Dagger Identification for a friend


December 19, 2012, 07:22 PM
A friend at work brought in two daggers he recently inherited from a relative who fought in WWII. Since I make knives he assumed my "Genius" extended to antiques(I know I am one Guys so don't rub it in). The two daggers are brass and antler handled with some non-descript blades absent of any markings. I told him I would post some photos here amongst some of my more learned colleagues(Buttering-up noted:)) Has anyone ever seen such daggers? The only markings I can find are the brass ss runes on both handles and one of the scabbards. He was told that the handles were human bone but I reassured him that they are stag and not human remains. Thanks for any help I can get in ID-ing these daggers.

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December 19, 2012, 07:28 PM
They appear to be WWII Nazi SS daggers.

I haven't seen those fittings used before and I haven't seen antler used before. I'd look closely to see if you think they antler was a replacement for the original material.

They're very unique and rare or fakes.

You can go to http://forum.germandaggers.com/ubbthreads.php?ubb=postlist&Board=17&page=1 and see what they tell you.

December 19, 2012, 07:32 PM
Not anything like any SS dagger I ever saw.

These are SS daggers.

Here are most all the known WWII German daggers.
And nothing like them there either.


some non-descript blades absent of any markings.That right there is what we call a Clue.
Any WWII German issue dress dagger would for sure be blade marked by the maker.

Quite frankly, I don't know what they are, but they aren't WWII German issue.


December 19, 2012, 07:33 PM
As a collector of Nazi memorabilia, I haven't seen one of those yet but I'm only 24 years old. I did a quick search on the site I use for ID and I couldn't find it. I'll be watching this thread pretty close because that is extremely awesome! Good luck!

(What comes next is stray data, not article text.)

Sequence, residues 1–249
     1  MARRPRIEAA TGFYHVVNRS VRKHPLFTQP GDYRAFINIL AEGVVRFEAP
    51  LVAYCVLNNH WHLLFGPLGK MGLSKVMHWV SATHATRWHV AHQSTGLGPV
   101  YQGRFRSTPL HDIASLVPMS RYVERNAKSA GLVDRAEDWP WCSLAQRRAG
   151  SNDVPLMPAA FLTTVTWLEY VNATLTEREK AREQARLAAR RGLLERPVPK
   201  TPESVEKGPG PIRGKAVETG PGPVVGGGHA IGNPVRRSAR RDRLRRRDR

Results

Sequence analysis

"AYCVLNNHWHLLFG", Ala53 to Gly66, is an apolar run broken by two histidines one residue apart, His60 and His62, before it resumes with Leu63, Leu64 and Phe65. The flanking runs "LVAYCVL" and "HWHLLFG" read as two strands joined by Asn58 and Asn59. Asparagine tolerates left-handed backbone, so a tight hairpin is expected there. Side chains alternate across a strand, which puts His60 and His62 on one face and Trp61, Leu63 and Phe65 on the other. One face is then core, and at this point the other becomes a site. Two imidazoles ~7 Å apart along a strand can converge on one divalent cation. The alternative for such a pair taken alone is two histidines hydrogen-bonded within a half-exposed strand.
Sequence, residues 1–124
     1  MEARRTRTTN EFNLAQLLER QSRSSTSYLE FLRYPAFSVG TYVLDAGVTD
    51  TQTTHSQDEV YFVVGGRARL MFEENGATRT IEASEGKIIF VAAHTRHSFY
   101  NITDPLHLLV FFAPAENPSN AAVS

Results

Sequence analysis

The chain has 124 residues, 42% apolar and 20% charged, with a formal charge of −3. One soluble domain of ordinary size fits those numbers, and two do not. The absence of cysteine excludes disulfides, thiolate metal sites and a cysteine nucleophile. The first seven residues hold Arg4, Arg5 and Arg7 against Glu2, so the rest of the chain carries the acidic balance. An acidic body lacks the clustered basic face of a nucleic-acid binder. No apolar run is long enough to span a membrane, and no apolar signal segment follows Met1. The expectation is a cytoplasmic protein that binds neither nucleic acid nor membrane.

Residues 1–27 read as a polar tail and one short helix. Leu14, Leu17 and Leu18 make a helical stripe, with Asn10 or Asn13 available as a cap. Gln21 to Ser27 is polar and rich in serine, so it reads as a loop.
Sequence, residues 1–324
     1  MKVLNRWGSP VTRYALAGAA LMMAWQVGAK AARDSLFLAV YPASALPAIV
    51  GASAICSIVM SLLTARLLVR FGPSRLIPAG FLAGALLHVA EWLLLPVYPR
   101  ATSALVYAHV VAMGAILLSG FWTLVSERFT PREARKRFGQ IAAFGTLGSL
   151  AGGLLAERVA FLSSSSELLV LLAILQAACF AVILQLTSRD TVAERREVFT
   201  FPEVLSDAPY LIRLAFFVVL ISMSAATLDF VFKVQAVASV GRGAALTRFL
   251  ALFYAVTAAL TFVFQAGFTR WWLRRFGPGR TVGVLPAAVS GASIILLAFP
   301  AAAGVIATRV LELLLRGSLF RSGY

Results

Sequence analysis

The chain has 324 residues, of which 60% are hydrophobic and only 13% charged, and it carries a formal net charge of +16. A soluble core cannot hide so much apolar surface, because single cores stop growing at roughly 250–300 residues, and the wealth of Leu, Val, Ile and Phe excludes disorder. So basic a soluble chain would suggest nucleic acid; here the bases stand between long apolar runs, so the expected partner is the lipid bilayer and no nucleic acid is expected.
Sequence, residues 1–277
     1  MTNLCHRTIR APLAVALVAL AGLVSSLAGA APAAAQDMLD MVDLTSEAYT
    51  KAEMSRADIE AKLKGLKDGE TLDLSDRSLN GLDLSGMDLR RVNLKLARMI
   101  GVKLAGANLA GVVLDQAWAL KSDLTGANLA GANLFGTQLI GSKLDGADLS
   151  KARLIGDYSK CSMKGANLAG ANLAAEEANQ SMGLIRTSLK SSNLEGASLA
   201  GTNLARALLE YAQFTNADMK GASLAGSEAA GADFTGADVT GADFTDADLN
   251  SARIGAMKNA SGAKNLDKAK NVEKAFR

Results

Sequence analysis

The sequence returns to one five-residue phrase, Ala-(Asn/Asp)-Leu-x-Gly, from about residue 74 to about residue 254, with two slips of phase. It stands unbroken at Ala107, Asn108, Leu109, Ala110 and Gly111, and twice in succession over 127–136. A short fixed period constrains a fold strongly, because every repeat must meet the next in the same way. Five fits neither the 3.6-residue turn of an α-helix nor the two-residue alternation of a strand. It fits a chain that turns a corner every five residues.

December 19, 2012, 07:40 PM
These daggers look "interesting" :scrutiny:

I am by no means an expert on historical daggers, but the death's head symbols look nothing like SS Totenköpfe. Also, the maker of these daggers slightly overdid it on the "skull and bones" theme. Are you sure your friend's relative brought them back from Europe and didn't buy them after the war in the US?

December 19, 2012, 08:29 PM
HSO. I was able to unscrew the head off of one of the daggers and I am positive they are stag antler handles and the brass escutcheons on the handle appear to be very amateurishly fitted to the antler yet they match the base of the skulls very closely. One of my assumptions about these daggers is that they may be some form of "trench art." I just got off the phone with the owner and his Uncle, who brought the knives back with him left no information other than he did pick them up in Germany. Unfortunately, he is deceased and any further information or provenance died with him. The brass castings of the skulls are very well done but lack the great detail seen in production German daggers from the Third Reich. I believe that the blades may have been swords in a former life. My imagination wanders and I picture a conscripted knifemaker from Solingen on some lonely outpost fabricating daggers out of captured swords and expended shell casings. Thanks for your help Gentlemen.:)